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Old 11-22-2010, 09:51 PM   #1
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Sagging floor....not your typical case...


Ok, I will keep this as precise as I can.

I bought my 2-story NJ house, built in 1925, last year and started demo on the upstairs bathroom. Once I started ripping up the floor, I noticed that the second floor joists run perpendicular to the first floor joists.

Now comes the part I hope I can explain clearly. The first floor has two serious sags (one of which was so bad that the previous owner had built a step into the kitchen to achieve flatness). Both of the sags correspond to the walls perpendicular to the second floor joists suggesting they bear a good deal of the upstairs load.

The problem is that not only are these two walls parallel to the first floor joists, but the walls are centered BETWEEN the first floor joists (which are 2x10 16"oc). This means that a good portion of the second floor/attic weight is centered on just tongue and groove subfloor. This is where the sag is. The sag gets to be as bad as 0.75" between the joists.

What I would like to do is jack the sag up and place a couple additional floor joists 2x10x10s running directly beneath the walls. One end would be supported by the main wood beam and the other end would be held up by combining 3 2x6s running to the concrete basement floor.

Does this sound like a good remedy? If so, does anyone have any experience, tips, or advice as to how I should go about jacking the sag up to fit the 2x10s between the subfloor and main beam?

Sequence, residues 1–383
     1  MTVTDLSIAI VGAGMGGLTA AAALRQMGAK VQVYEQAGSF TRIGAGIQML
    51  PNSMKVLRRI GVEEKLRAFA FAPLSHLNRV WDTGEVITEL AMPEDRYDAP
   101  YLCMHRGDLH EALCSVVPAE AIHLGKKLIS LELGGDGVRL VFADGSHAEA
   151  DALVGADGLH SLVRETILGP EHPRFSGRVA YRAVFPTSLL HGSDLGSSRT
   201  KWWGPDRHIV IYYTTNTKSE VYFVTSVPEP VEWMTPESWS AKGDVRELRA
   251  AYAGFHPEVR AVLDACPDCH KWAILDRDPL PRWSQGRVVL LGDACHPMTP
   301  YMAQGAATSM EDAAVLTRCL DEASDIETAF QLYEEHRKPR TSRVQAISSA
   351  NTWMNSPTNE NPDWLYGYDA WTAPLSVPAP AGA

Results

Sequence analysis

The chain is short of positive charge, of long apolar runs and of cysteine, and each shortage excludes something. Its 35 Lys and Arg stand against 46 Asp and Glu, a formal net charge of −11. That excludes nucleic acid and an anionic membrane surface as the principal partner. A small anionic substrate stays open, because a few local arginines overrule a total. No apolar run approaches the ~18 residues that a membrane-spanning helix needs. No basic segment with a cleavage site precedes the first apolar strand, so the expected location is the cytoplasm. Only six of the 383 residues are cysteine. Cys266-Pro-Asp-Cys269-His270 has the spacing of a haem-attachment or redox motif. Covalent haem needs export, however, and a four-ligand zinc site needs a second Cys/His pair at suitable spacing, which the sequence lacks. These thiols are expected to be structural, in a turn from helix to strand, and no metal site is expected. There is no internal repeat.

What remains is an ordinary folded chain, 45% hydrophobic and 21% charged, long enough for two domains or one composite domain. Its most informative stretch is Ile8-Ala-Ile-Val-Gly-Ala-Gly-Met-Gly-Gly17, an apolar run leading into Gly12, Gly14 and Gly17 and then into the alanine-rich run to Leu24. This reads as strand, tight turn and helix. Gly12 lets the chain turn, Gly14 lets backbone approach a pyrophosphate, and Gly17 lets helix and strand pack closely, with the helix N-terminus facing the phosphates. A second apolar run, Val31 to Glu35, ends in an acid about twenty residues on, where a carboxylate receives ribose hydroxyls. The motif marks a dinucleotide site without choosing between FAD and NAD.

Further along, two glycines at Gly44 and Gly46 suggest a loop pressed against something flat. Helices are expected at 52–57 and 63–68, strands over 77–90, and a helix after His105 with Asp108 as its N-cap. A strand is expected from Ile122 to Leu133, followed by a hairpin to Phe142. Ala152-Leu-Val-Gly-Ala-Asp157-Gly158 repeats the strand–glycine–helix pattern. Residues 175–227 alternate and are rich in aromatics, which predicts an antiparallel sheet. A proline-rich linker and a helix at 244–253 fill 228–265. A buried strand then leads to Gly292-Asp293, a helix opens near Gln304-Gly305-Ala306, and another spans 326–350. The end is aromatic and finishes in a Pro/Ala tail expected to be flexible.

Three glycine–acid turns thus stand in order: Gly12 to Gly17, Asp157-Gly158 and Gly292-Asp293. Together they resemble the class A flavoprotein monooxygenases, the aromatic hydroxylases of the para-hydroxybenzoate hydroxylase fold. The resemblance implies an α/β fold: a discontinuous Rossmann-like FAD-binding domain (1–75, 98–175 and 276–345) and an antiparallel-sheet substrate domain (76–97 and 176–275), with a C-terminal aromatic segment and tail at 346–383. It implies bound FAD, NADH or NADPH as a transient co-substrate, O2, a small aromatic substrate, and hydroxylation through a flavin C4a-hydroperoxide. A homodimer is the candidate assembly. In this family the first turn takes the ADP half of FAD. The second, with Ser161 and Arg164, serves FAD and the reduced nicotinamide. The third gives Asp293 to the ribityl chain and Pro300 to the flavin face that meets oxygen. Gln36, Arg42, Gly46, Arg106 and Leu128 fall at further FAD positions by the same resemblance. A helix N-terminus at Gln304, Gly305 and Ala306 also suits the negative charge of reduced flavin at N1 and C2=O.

Thanks in avance....
Steve
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Last edited by wrestlin; 11-23-2010 at 02:17 PM.
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Old 11-22-2010, 11:47 PM   #2
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Sagging floor....not your typical case...


hi wrestlin. Do you have any construction experience? Your house isn't going to fall down or anything, but there is a slight chance of getting hurt when you start jacking houses up.
If I under stand you correctly, you have 2 walls to jack up? And a floor beam runs under one end of them both?
Doubled up 2x10's would probably OK short term, but not for the long haul. If I understood you right your trying to carry a 10x? section of second floor and possibly the same size section of roof. I would use 6x10's with a 6x6 post. You wouldn't want to go back and do it all over again in five yrs.
How close is the nearest bearing point under the existing beam? And will the basement slab take the weight without cracking?
Use a screw type floor jack. Better control, more stability, and no hydrolic seals to go out. You should be able to find them at a tool rental center.
Do the two walls end directly over the beam? Or do they run past aways? Let us know. Pics are always nice,too.